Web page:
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    Wildlife from a Canoe on the River Wye

    Fish seen form a canoe

    I’m a botanical illustrator, scientific illustrator; and a mum.  Sometimes I can combine these roles AND have a wonderful day out.  This happened recently as the family canoed from Glasbury to Hay-on-Wye (where we live).

    Sunny day with a canoe and the kids on the river Wye

    Beautiful demoiselle from the canoe

    The first thing we noticed were the Beautiful demoiselles (for more on damselflies see my recent blog).  They were out in force, like flying emeralds glittering across the river.

    Beautiful demoiselle


    The next spot was a dipper, one of my favourite birds.  Stout and solid, they peck at insects as they perch on rocks.  They seem to favour  fast moving parts of the river.



    Watching fish from the Canoe

    I spent some time looking down into the river, spying on fish.  We saw some trout (smaller than these ones).  This explains why the Wye is so popular with anglers.

    Fish seen form a canoe

    Trout swimming

    We floated over a group of what I took to be five large eels.  I was confused by their mottled backs, and the way they seemed to be anchored to the stones.


    Having looked online, I realise they weren’t eel at all.  They were large lamprey.  Although these are common in UK rivers, it was my first spot.   It was a privilege to see such amazing animals looking so large and healthy.  As there were five of them, perhaps it was one female mating with a succession of males?  I know they migrate from the sea to mate in rivers.  If anyone knows more about lamprey in the river Wye, do fill me in, I’d love to know more.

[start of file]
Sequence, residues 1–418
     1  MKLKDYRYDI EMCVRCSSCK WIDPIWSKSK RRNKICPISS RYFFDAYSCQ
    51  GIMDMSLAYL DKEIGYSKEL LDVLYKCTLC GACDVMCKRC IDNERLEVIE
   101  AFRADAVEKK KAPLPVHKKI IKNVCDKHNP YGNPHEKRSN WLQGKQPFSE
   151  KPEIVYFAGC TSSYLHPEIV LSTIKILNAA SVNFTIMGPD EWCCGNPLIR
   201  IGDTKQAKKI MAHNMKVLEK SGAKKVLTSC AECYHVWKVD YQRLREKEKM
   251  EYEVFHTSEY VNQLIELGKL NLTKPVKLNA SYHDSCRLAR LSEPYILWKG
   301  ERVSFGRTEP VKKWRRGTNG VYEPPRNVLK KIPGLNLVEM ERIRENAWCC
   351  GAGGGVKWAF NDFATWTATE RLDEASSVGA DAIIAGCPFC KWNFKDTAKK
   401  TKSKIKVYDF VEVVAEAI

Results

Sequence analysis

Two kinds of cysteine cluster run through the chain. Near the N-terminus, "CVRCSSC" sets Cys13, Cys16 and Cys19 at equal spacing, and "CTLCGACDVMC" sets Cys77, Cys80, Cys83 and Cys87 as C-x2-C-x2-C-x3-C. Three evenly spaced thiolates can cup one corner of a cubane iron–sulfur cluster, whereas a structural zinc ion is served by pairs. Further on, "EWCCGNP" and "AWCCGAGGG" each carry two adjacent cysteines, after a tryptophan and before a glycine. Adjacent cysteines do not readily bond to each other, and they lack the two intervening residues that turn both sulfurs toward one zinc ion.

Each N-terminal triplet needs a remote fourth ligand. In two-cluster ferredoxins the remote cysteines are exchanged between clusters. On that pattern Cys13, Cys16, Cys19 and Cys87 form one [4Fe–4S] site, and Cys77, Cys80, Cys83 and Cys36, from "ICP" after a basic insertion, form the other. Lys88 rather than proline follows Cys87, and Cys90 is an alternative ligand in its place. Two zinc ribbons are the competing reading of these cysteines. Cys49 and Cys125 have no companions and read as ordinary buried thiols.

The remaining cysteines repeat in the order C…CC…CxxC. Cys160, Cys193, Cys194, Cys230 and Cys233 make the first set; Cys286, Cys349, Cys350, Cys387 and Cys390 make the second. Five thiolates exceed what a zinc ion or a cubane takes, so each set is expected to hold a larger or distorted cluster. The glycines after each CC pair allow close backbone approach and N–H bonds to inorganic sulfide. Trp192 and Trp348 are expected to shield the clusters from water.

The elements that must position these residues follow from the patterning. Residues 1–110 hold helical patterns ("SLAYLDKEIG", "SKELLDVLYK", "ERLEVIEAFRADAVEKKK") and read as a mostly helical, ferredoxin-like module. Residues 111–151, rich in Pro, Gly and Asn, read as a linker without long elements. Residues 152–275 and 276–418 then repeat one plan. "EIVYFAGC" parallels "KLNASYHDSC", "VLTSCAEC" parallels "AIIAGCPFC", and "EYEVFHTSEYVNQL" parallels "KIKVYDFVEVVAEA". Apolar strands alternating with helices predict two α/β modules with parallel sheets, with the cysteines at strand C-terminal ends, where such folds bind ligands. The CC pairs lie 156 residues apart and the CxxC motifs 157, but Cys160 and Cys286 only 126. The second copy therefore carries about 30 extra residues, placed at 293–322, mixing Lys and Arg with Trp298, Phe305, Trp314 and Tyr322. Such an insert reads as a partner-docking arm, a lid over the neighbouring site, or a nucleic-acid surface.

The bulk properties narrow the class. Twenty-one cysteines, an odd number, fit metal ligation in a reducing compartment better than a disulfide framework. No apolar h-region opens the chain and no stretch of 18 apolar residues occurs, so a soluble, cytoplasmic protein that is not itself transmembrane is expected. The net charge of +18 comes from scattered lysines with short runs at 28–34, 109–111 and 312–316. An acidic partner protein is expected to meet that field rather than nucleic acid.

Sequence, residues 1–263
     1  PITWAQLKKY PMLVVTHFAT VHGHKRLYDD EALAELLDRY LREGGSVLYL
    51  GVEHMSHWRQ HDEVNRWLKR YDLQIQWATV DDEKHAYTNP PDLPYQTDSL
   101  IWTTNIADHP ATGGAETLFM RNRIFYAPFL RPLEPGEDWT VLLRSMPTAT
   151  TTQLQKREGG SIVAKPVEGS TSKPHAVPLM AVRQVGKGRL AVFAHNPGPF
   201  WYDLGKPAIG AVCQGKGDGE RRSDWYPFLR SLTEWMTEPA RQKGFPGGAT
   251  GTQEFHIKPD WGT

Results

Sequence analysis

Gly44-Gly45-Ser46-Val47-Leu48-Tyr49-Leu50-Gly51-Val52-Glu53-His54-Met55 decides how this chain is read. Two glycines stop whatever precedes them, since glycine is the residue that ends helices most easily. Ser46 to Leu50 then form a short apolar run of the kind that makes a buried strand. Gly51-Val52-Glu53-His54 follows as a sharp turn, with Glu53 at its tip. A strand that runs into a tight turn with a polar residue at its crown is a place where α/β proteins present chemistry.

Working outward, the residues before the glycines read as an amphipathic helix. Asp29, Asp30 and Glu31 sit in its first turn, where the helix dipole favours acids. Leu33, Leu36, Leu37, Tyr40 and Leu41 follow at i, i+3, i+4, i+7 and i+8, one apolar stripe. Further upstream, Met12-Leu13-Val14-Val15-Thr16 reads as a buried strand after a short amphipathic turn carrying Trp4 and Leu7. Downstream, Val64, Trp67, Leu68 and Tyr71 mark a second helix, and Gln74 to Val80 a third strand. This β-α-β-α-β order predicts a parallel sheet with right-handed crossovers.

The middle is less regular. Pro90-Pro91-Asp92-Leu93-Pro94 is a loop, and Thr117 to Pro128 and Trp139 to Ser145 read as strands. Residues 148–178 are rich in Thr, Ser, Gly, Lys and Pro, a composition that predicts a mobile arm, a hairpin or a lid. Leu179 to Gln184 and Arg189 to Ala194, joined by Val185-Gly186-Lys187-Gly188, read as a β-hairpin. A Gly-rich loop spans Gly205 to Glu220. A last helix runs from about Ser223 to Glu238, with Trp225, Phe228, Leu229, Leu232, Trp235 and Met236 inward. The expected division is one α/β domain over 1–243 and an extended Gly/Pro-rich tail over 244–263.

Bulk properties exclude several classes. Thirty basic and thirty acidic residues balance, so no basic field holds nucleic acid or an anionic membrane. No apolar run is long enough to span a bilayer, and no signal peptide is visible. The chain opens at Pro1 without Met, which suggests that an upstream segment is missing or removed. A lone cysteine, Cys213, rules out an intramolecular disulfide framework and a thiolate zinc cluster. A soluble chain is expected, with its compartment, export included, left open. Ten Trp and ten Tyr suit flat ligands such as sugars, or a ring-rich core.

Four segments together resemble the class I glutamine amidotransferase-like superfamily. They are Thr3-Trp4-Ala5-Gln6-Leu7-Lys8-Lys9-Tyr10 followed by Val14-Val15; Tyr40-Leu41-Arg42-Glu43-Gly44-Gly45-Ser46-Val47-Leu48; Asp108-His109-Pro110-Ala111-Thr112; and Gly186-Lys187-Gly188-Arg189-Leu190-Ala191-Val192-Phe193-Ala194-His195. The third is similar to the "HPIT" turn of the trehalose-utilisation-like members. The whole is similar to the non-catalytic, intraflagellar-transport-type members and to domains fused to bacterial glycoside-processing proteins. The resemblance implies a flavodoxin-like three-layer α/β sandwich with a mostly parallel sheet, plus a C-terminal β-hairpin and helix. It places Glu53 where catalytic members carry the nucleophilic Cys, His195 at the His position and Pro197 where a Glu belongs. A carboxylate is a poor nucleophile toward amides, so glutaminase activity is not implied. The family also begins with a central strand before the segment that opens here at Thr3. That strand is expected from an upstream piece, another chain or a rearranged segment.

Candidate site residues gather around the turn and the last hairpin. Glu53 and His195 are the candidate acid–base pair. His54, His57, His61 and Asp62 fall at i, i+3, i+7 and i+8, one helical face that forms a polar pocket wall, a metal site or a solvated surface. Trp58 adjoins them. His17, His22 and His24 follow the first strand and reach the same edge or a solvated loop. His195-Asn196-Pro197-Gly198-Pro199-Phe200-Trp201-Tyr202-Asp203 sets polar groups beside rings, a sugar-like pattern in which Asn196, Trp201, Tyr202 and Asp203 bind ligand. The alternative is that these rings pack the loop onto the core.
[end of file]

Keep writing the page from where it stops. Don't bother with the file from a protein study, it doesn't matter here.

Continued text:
Photo from ARKive of the Sea lamprey (Petromyzon marinus) by Breck Kent 
    Spotting Birds on the Wye from a canoe

    My son spotted a bright yellow bird on the shingle shoreline.  He was outraged to hear it was a Grey wagtail.  “But mum, it’s bright yellow!”, he complained.  It was only when we got home and I showed the children the illustrations of a grey vs a yellow wagtail in our trusty Bird book by Peterson that he accepted it.

    Grey wagtail

    We saw a blackbird right on the shoreline, pecking among the stones.  I thought this unusual.  There’s no reason why they shouldn’t exploit such a rich habitat, but I’d not seen one at the water’s edge before.


    Inevitably, we passed swans.  Most of their cygnets are pretty full-grown by now, and all the birds we passed in our canoe were individuals rather than family groups.

    Mute swan

    A cluster of six Canada geese were on the bank; from the feathers and bird droppings nearby they spend plenty of time down on the beach as well.

    Canada Goose

    As we came into the natural harbour formed by the Warren; the sun was still streaming down.  I spotted some banded demoiselle.  They are similar in colour to the metallic Beautiful demoiselle but with clear wings, banded with dark blue.

    Banded demoiselle (copyright Jersey Post 2013)

    It was a perfect day; glorious weather, good company (the children were on good form…), and plenty of wonderful animals to spy on from our canoe.  I am indeed incredibly lucky to live in a place as wonderful as Hay on Wye.

    Staying safe in the canoe; my daughter sports a lifejacket and floral crocs.

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    Lizzie Harper